They got you down on your knees
So polite
We’re busy still saying please
Frienemies
Who when you’re down ain’t your friend
Every night
We smash their mercedes benz
First we run
And then we laugh ’till we cry
But when the night is falling
And you cannot find the light
you feel your dreams are dying
Hold tight
You’ve got the music in you
Don’t let go
You’ve got the music in you
One dance left
This world is gonna pull through
Don’t give up
You’ve got a reason to live
Can’t forget we only get what we give
[I’m comin’ home baby]
[You’re tops, give it to me now]
Four a.m. we ran a miracle mile
We’re flat broke
But hey we do it in style
The bad rich
God’s flying in for your trial
But when the night is falling
And you cannot find a friend
You feel your tree is breaking
Just bend
You’ve got the music in you
Don’t let go
You’ve got the music in you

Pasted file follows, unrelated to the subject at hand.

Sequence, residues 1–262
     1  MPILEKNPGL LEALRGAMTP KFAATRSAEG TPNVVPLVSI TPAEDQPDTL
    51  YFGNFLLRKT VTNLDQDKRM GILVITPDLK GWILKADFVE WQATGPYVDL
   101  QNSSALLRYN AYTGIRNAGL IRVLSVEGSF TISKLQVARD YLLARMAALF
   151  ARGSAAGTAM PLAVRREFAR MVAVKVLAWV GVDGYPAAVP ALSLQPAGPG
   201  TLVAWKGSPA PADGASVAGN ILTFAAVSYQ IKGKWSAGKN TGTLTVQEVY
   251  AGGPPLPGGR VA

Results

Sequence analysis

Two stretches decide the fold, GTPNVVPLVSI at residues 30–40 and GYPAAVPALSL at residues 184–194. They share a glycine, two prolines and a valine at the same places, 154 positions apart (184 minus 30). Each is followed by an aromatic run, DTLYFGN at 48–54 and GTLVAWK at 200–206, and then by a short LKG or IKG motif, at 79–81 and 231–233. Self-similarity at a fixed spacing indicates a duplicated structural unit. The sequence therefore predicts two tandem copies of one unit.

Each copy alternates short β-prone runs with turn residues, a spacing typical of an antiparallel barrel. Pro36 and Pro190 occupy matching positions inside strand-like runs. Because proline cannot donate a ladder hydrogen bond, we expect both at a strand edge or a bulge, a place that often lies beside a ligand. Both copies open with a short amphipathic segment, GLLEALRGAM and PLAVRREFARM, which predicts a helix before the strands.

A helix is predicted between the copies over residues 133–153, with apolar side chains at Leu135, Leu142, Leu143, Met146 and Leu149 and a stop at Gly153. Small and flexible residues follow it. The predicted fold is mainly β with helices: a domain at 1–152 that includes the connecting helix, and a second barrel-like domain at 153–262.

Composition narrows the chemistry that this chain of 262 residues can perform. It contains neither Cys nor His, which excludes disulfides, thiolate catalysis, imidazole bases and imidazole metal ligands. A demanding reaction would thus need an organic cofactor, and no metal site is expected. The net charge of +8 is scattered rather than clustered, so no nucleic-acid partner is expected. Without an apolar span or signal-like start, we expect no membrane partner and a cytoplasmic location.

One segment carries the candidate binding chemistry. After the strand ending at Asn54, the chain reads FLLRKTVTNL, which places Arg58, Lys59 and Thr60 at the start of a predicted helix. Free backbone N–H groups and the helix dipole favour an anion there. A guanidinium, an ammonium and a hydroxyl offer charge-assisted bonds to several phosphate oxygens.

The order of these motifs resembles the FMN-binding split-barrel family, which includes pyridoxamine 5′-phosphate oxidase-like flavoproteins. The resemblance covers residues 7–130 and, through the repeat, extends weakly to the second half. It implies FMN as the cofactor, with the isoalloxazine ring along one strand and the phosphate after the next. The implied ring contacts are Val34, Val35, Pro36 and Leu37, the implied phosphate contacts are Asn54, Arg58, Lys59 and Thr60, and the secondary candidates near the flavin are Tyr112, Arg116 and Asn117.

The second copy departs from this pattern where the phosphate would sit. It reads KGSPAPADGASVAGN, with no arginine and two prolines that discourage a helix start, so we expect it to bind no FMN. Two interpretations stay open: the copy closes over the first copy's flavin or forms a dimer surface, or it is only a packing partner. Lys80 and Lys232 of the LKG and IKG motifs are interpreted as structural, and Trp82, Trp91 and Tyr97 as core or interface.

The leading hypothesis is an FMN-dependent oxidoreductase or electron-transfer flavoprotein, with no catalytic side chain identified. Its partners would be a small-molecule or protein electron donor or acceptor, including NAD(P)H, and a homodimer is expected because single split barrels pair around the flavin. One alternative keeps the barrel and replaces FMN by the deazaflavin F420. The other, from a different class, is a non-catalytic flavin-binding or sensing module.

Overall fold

One dance left
This world is gonna pull through
Don’t give up
You’ve got a reason to live
Can’t forget
We only get what we give
This whole damn world can fall apart
You’ll be ok follow your heart
You’re in harms way I’m right behind
Now say you’re mine
You’ve got the music in you
Don’t let go
You’ve got the music in you
One dance left
This world is gonna pull through
Don’t give up
You’ve got a reason to live
Can’t forget
We only get what we give
Don’t let go
I feel the music in you
Fly high
What’s real can’t die
We only get what we give
You’re gonna get what you give
Just dont be afraid to live
Health insurance rip off lying FDA big bankers buying
Fake computer crashes dining
Cloning while they’re multiplying
Fashion shoots with Beck and Hanson
courtney love and marilyn manson
You’re all fakes
Run to your mansions
Come around
We’ll kick your ass in

And then he ends with a series of vocalizations that you hope the DJ won’t cut off.

That’s all for this one. But it’s time for me to rant about music that isn’t so great.

Be well and rock on,

Rachael

Music is everything

It goes without saying that music is everything, especially to those who are so passionate about music they can’t help but write about it, talk about it, obsess over it…it’s the fire that fuels us: MUSIC IS LIFE.